When the GFC hit in the late noughties—the last major global recession—the tertiary sector suffered fewer job losses compared to other industries. This is because responsive institutions grasped the opportunity to educate workers who’d lost their jobs. Upskilling was seen as a way to invest redundancy payments in order to change career or gain competitive advantage in a shrinking job market.
It remains to be seen whether universities, TAFEs and private education providers will be ready to exploit and benefit from a similar strategy during this and coming years. With the government’s change of course subsidisation from 2021, they are under even greater pressure to deliver the types of education which lead directly to students finding jobs.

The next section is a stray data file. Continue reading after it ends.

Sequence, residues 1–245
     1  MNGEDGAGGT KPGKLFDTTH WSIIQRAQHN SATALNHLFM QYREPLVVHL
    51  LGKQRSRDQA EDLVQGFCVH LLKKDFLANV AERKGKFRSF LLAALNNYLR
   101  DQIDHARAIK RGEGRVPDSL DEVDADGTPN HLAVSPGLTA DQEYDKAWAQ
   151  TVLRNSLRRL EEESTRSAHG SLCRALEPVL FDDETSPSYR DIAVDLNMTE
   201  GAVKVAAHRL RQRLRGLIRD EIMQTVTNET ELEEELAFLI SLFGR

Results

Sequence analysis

Unfortunately, unlike the GFC, overseas recruitment forums, open days and other face-to-face recruitment drives are off the agenda. This calls for innovative marketing and outreach to potential cohorts in an even more competitive market.
Tertiary education has withstood many changes over time, and the current crisis will eventually pass. However, it's those Institutions that invest wisely now that will prosper when the world as we knew it returns to a reset level of normality.
Change, the only constant